The innermost of the two brightest rings moves around Saturn at more than 45,000 miles an hour, making it the fastest moving body in the solar system. Astronomers see a third ring closer to the planet and some think they see a fourth ring beyond the outer ring. There must be spaces between whatever makes up the rings, because distant shines through the rings.
The biggest mystery is what the rings are made of. Radar echoes suggest they could be swarms of tiny iceballs, spheres of silver or giant shards of some jagged metal. One thing is sure - the rings reflect radar signals from earth more strongly than any other body in the solar system.
Alongside the mysteries of Jupiter's four biggest moons, called the Galilean moons because they were discovered by Galileo in 1610 with his first telescope. Galileo also discovered Saturn's rings, which he first described as "queer appendages" on either side of the planet.
Io, Europa, Ganymede and Callisto extend out from Jupiter "like a miniature solar system," said JPL's Dr. Fraser Fanale. Io is the closest and densest, just like Mercury is the closest planet to the sun and appears to be made mostly of iron. Callisto is farthest from Jupiter and is two-thirds water. Just like Uranus and Neptune. Each is made up of the flimsiest gases, having formed far from the sun's influence.
Io and Callisto arouse more interest among scientists than many planets do. Unique among moons, Io looks like the salt flats of Utah or the nitrate deserts of Chile. It's covered and streaked with sulfates and nitrates that percolated to the surface in the first 20 million years of creation. That's when Jupiter was hot enough to boil Io's water away.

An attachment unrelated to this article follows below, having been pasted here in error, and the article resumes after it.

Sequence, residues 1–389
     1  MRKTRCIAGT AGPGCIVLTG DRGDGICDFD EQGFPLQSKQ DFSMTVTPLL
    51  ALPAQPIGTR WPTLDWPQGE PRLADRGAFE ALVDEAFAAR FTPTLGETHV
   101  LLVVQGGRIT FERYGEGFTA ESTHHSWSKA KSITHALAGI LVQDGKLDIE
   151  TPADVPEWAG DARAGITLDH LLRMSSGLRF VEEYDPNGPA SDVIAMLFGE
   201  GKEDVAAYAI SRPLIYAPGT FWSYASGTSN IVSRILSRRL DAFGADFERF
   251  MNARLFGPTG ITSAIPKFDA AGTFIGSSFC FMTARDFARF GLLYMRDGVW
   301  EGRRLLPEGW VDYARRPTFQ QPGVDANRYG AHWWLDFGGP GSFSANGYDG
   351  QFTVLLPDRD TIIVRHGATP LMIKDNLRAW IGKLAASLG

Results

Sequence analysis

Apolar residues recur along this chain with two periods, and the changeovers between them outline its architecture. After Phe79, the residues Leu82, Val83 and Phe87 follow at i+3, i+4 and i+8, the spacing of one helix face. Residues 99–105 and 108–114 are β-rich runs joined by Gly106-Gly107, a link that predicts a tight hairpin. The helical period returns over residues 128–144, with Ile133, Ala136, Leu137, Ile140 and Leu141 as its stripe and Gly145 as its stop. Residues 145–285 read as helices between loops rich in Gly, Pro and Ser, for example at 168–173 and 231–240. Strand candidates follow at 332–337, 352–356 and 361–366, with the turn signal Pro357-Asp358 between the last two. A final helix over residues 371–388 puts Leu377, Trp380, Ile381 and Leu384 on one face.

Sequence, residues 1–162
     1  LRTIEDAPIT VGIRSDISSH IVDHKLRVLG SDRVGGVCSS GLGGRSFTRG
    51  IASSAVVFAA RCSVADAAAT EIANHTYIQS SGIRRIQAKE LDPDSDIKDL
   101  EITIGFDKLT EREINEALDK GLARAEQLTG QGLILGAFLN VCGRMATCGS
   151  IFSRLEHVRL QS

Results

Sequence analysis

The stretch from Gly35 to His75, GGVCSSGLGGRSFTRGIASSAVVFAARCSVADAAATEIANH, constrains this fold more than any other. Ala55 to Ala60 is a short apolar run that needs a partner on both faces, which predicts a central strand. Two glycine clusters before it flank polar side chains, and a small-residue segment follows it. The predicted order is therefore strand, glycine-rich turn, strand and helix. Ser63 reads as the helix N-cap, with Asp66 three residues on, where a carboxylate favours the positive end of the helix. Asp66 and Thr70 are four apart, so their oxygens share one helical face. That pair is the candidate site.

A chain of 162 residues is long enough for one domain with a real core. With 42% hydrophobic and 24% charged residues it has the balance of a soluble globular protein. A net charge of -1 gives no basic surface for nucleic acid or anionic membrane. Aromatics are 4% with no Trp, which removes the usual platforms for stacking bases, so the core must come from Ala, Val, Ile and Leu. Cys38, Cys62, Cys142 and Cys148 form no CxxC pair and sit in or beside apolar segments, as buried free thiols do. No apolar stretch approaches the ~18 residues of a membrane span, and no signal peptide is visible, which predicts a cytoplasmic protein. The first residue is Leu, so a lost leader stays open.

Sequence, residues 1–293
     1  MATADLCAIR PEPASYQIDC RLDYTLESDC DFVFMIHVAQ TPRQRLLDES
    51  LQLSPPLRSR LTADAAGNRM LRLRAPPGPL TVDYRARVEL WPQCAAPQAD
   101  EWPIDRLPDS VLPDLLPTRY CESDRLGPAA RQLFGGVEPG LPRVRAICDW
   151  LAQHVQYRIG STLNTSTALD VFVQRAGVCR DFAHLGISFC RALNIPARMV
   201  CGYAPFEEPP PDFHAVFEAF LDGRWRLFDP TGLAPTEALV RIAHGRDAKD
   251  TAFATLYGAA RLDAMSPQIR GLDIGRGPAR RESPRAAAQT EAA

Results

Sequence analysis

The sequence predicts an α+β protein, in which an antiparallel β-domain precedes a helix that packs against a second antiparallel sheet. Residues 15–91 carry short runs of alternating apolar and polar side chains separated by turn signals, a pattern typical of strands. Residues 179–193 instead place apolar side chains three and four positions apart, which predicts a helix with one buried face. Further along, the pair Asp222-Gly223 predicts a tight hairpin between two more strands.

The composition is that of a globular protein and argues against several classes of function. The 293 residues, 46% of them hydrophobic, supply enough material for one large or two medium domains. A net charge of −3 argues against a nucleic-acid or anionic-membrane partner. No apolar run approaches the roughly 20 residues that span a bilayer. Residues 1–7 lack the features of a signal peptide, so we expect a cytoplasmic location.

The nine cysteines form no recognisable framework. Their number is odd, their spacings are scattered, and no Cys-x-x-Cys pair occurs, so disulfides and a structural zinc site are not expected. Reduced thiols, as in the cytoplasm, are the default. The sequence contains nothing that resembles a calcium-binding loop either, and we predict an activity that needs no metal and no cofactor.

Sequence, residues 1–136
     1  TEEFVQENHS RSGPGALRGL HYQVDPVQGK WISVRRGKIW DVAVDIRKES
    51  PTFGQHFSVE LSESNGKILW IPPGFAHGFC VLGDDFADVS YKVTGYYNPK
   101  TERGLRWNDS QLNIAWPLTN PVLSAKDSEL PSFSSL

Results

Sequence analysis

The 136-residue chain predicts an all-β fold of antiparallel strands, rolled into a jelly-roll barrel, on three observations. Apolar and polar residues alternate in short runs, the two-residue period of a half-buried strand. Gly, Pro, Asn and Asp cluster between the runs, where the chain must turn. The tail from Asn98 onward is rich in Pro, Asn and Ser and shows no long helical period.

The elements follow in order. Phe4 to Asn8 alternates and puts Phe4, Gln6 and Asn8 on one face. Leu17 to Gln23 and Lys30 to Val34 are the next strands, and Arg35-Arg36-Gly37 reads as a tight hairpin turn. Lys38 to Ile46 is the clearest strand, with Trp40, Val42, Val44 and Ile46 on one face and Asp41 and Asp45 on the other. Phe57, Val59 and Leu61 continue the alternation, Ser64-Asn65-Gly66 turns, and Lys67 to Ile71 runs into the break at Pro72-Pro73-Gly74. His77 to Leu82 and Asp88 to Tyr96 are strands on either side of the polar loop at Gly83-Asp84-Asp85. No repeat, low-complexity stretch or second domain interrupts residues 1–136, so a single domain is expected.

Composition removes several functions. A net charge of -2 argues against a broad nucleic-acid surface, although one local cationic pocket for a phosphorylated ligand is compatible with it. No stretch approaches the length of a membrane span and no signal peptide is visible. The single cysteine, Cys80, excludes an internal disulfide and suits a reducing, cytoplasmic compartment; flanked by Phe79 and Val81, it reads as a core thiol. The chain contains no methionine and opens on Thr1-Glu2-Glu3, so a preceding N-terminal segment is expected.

Io is encircled by a cloud of sodium so bright it looks like a yellow halo, so close is Io to Jupiter and its fear-some radiation belts that a current, which Fanale estimates at 1 million volts, forever brushes against the moon. The magnetic field sweeping by Io is moving so fast (40 miles a second) that it sputters the salts off the surface to form the equal of a sodium atmosphere. This is the yellow halo seen in photographs this year for the first time.
While Io is too close to Jupiter's radiation fields to support any life, Callisto might be far enough away to have a primeval kind of life.
As big as Mercury, Callisto is covered with a dark crust of ice, but no more than a few miles below the crust is a subterranean ocean that could be as deep as 1,000 miles. The temperature of this underworld ocean might go as high as 1,000 degrees because the radioactive uranium and thorium in its core are still hot enough to warm the moon.
The ice on Callisto's surface is strangely dark, suggesting comets might have left their ash on its surface. Another explanation is that the land masses on top of the subterranean seas broke up aeons ago, sinking like Atlantis but leaving traces of themselves to freeze as the moon cooled.
Beyond Callisto and all of Jupiter's moons lies Titan the moon of Saturn that has an atmosphere half as dense as earth's. Titan's glow stands out in telescopes like a seachlight beckoning from the sea. Nobody has seen its surface which is one reason why Voyager will make a special pass close to Titan to photograph it.
Titan is far from the radiation belts that might be lethal to life on Jupiter's moon, which is why Cornell University's Carl Sagan once said that life could have emerged on Titan.
Finally, there is Jupiter. Now thought to have been the sun's companion at the time of creation expect that it banked its fires when the sun was stoking its. Cal Tech's Ingersoll says that probing Jupiter's atmosphere will be "like sampling the sun."
Probing Jupiter comes in 1963 when a small spacecraft is dropped into the Red Spot, the mysteriously moving part of the upper atmosphere believed to be a permanent hurricane. Wherever it falls the probe will answer a host of mysteries.
Take just one, the one that may hold clues to why droughts occur on earth. Earth has a wet zone at the tropics and zones north and south of the equator with air so dry it is the cause of most of our deserts. Jupiter has at least 10 zones that are alternately wet and dry. On Jupiter you don't run out of weather patterns like you do on earth.
"We've never been inside we've just seen the top skin." Ingersoll says of the chance to sample Jupiter's atmosphere. "It's the most important thing we can do at Jupiter."